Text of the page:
Former IPS officer and ex-Jamshedpur MP Ajay Kumar found this whole agitation unnecessary.

"It is ridiculous that there is this agitation going on. It is about lowering the standard and get rid of the CSAT. Candidates who appear for the National Defence Academy test are usually from the poor and rural background. Does it mean that English should be removed from all competitive examiniations? This is typical BJP double-speak. They would English on Facebook for their India Shining campaign and all. They are politicising the whole issue and they don't want quality people in the most important posts of the country," Kumar said.

Former CAG, director general, Amitabh Mukhopadhyay even said that the decision to scrap counting of marks secured in Englsih comprehension test may not be constitutional.

"English is not the only market language across the world but it does not mean that it has no importance. It features at eight different places in the Constitution making it an important constitutional component. Even in the judiciary, the English version is the final one. Enlglish is privileged by our Constitution. A lot of thought has gone behind forging languages into the Indian education system -- mother tongue, English and Hindi. When the government says English marks won't be counted they are being unconstitutional. The civil servants must know English as Parliament debates in English many a times and some state legislatures also debate in English," said Mukhopadhyay.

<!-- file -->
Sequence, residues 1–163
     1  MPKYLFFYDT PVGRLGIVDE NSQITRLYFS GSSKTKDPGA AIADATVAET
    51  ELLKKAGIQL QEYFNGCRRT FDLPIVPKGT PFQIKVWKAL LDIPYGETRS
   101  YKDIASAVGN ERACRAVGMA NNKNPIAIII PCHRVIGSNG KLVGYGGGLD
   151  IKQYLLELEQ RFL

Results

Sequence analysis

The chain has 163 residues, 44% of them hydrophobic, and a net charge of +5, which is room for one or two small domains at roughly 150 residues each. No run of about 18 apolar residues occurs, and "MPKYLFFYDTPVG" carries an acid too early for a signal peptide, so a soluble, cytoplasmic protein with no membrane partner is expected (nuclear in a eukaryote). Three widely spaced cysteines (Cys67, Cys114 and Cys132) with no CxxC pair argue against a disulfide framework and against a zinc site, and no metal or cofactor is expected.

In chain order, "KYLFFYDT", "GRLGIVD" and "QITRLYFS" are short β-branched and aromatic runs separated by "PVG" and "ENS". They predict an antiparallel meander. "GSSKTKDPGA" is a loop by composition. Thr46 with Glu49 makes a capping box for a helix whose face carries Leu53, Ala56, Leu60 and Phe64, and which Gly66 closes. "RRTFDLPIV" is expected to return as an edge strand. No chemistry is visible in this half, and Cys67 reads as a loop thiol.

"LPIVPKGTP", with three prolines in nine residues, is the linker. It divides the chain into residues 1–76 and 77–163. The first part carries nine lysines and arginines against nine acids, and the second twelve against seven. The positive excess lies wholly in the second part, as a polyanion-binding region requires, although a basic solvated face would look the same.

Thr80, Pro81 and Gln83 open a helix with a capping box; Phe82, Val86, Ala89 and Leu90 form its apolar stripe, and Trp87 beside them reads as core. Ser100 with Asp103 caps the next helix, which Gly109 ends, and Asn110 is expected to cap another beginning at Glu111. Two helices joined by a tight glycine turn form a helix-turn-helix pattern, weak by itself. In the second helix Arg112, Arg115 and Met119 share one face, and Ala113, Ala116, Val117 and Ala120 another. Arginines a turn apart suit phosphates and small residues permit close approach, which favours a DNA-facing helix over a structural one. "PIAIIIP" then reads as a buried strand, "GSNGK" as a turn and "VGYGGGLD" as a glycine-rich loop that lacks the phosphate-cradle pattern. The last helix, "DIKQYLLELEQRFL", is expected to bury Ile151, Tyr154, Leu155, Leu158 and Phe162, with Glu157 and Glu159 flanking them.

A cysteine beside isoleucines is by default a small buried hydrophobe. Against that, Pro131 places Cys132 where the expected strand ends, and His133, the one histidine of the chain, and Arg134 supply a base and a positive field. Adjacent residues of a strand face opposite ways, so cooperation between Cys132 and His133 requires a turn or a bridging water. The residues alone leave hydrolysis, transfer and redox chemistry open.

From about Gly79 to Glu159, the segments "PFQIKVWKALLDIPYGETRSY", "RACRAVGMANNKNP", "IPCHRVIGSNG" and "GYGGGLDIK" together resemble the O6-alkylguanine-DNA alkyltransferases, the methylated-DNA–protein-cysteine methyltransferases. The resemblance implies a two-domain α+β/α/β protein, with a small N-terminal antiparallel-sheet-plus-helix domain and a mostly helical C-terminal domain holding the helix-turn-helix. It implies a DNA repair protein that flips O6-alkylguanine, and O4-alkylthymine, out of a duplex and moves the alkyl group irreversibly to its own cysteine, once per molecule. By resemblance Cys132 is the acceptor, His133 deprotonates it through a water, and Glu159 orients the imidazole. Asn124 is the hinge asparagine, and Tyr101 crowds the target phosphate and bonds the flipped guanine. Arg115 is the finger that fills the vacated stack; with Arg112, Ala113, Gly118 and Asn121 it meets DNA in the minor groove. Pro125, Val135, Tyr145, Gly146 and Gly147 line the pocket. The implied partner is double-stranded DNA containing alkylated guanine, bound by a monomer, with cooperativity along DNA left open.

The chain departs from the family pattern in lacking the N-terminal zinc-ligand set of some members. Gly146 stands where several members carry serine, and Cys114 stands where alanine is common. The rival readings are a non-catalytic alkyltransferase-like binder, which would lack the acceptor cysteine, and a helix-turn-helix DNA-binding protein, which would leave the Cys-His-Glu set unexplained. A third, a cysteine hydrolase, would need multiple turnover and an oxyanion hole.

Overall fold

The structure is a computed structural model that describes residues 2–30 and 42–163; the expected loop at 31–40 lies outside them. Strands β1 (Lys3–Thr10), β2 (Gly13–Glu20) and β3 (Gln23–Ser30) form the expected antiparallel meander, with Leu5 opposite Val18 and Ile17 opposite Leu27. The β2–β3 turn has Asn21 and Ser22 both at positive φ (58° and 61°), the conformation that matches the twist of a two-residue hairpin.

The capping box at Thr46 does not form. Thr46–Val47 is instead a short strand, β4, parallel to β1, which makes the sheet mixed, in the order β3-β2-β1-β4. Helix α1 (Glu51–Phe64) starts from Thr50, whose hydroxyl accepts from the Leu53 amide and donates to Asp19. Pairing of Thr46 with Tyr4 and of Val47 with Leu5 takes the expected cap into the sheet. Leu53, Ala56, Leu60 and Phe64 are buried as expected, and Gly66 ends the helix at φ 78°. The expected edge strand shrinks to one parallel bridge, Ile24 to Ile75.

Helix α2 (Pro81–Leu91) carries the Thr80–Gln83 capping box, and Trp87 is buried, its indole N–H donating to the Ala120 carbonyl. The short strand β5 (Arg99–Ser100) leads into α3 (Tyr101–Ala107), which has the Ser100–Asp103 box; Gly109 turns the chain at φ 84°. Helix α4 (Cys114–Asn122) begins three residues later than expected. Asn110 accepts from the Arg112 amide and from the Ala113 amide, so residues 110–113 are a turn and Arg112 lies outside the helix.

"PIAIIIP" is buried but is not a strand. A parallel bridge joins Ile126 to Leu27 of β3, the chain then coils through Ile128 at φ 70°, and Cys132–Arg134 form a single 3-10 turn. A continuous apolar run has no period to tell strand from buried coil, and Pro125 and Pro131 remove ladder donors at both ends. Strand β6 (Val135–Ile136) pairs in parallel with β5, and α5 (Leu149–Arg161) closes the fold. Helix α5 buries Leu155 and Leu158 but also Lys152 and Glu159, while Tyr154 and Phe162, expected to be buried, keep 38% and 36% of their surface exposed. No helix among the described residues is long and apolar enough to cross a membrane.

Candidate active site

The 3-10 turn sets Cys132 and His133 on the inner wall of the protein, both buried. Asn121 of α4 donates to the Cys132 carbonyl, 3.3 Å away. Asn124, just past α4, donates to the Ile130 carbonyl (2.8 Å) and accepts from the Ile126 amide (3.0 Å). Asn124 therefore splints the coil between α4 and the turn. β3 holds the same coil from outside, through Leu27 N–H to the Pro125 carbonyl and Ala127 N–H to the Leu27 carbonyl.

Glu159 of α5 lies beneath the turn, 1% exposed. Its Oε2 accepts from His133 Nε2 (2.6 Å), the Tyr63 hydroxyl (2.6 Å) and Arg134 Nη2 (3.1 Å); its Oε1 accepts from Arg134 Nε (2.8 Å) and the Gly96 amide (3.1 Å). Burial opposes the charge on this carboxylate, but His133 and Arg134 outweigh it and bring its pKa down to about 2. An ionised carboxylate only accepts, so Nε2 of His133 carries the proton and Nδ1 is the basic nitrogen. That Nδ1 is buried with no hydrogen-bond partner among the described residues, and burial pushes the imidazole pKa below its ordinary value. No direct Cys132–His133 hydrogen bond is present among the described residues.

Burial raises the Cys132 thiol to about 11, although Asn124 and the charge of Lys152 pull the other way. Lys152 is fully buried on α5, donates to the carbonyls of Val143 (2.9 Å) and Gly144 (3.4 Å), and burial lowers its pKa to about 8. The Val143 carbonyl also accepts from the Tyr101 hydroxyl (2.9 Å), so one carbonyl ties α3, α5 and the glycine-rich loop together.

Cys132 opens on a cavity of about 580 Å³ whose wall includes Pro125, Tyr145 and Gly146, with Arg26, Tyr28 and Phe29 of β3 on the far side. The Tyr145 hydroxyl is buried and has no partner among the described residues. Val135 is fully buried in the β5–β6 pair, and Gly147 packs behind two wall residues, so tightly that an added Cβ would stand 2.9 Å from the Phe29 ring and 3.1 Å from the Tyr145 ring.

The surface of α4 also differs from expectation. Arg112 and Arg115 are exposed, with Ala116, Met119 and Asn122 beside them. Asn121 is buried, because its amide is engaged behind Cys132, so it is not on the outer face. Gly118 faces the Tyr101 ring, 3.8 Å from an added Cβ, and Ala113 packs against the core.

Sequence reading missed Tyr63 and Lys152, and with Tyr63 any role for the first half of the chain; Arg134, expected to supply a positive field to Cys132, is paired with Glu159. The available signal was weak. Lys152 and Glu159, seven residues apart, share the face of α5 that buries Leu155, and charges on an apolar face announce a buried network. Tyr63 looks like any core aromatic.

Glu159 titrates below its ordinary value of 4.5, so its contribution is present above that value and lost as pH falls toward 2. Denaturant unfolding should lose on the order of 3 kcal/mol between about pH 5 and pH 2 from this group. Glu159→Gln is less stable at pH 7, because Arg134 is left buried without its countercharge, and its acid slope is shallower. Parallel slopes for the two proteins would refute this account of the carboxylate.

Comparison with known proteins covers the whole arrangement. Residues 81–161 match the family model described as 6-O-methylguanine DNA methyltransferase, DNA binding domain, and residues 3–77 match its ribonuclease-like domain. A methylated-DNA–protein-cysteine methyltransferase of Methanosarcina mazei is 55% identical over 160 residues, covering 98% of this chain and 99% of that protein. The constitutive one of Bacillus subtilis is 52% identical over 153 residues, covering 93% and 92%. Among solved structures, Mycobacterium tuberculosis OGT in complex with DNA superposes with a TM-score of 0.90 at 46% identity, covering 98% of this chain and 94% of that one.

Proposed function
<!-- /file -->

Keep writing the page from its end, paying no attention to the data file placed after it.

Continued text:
Congress spokesperson Sanjay Jha found it amazing that all the hullabaloo is restricted to the preliminary examination. "In the Civil Services Mains, English is compulsory with a paper 300 marks. This explains it is nothing but linguistic politics," Jha said.

Despite fuelling the anti-English protest, the Samajwadi Party tried to pass the buck to the Centre.

"The NDA has badly handled the case because they did not discuss the issue with the protesters before. The minister had said no exam will take place unless the problems are solved but they distributed the admit cards. It is not necessary that the best administrator will come out from those who knows English," said Samajwadi Party spokesperson Gaurav Bhatia in an attempt to keep the pro-Hindi section happy.

Attacked from all sides, BJP national spokesperson Sudhanshu Trivedi had a tough time defending his party and the government.

"There should not be any prejudice to any language. By deciding not to count marks scored in the English comprehension skills we have made the paper a purely objective and analytical test. Only prominence to English is nothing but an example of a biased and elitist mindset. The minister's statement today was limited only to CSAT. Nevertheless it is the prerogative of the UPSC and not of the government. UPSC is an autonomous body," Trivedi said.

Will the BJP sacrifice neutrality for its Hindi vote-bank? Time will tell.

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Updated Date: Aug 05, 2014 09:24:24 IST